blowing in the wind

how refreshing.

As the first autumn storm passes and leaves start to cover the ground, I come to think of all the things I haven't written about since my last post back in January. Oh well, who cares about an eight month gap in a personal blog … few cares about anything anywhere anyway these days.

Anyway, to keep the time­line somewhat intact, here follows a few glimpses from the past few months.

refreshing this old farm

The plan is to upgrade our small dairy-farm, and run it more or less as we used to until a few years back. For how long, and at what level, depends on so many factors that there's no point to even speculate right now. But, as long as the animals and we have a good life, why quit?

The decision to start up again was taken in April this year, knowing all too well that there is much to fix and/or modify both indoors and outdoors in order to make all work as we want. Beyond obligatory rules and regulations, we have our own set of premises for how to run this farm of ours.
The animals set the basic time­line during the upstart, and if all goes to plan we will be back in production by the end of 2019.

repopulating

ill

Five heifers entered the farm in late May, and on the picture above they are out on the pasture reserved for young calves. Being five to six months old when they arrived they had no previous experience with outdoor life, but within days they had it all under control and feasted on lush grass.

restoring facilities

ill

On the picture above the heifers have gathered around the waterpost, that is strategi­cally placed to serve calves on pasture and inside the inner enclosure with the old calf-housing, and in time also cows passing by the pen on the path between the larger pastures. For obvious reasons these was the first structures to be restored.

disruptions

ill ill

An extremely dry summer this year caused big problems for farmers all over the southern part of Norway. Statistically it hadn't been this dry for so long since the summer of 1947, while last year (2017) it was unusually wet all summer.
Too much or too little rain in growth- and harvest-seasons tend to cause problems on any farm, and not all farmers are prepared to take too many bad years in a row and pull through unscathed.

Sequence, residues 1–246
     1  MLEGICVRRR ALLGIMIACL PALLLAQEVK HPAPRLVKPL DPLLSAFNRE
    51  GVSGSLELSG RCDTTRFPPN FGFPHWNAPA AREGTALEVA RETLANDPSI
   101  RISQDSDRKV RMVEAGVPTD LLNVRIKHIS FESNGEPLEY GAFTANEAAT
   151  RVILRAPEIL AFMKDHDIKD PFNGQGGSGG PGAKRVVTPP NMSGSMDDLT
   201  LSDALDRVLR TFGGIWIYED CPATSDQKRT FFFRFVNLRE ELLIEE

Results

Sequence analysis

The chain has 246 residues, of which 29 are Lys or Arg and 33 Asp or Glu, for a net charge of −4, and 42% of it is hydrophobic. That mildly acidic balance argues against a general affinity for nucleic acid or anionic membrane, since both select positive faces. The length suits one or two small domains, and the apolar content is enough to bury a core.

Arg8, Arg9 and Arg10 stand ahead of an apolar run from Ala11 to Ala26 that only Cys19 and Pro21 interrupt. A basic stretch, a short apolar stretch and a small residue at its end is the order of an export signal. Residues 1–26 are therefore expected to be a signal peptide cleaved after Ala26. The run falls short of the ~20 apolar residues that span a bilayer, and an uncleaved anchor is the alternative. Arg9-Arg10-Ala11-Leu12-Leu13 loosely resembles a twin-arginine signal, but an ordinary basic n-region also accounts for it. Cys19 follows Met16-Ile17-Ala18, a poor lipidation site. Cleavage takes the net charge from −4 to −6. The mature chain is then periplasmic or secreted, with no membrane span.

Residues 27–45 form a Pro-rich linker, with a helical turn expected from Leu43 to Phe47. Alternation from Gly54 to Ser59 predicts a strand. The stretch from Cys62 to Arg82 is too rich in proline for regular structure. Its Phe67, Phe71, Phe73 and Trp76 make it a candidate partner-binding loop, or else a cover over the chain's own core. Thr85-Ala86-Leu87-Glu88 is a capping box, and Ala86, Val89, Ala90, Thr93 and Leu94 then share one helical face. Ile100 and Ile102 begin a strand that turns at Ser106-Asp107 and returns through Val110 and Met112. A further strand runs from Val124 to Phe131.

We had acceptable growth and amounts of grass on our hillside farm this year, despite the drought. However, we had to fence off big parts of what was designated as pasture, because archeologic digs linked to a (potential) future road project was thrown at us a week or so after the heifers arrived. As pasture-grass is either eaten fresh, or will get lost, loss of grass to the dig was significant.

Although the actual digs was finished in a few days, the long, enforced, wait ahead of the dig threw all our plans for the summer out the window. Two months lost in top season seriously disrupted our work, used up resources, and pushed our plans out in time.
(And, the entire archeologic dig ended up being for nothing, as those responsible for the road-project have since discarded that particular route. A total waste of our time and energy.)

As the actual route for that future road still hasn't been decided, the archeologic digs on our farm and in the wider area continue. This means more delays, change of plans, and added work for us in the coming monts as we try to prepare our farm for the coming winter.

Good thing we did not invest in more and/or older animals this year, or else we could be in serious trouble and not be able to feed the herd over the winter without buying silage and hay at astronomical prices in competition with larger farms. If the coming winter turns out more or less like an average winter for our area, we should do fine with what we have been able to harvest this summer.

in passing

The storm named “Knud” passed our area in the evening of September 21, and left us without power for more than 24 hours as trees that fell over high-voltage lines had to be cleared and lines repaired. Apart from the inconvenience we haven't observed any real damage on our farm, and the animals – including two farm-cats – are doing fine.

The loss of power delayed the writing and release of this posting, but that's all.

sincerely  georg; sign

Hageland 23.sep.2018
last rev: 07.oct.2018



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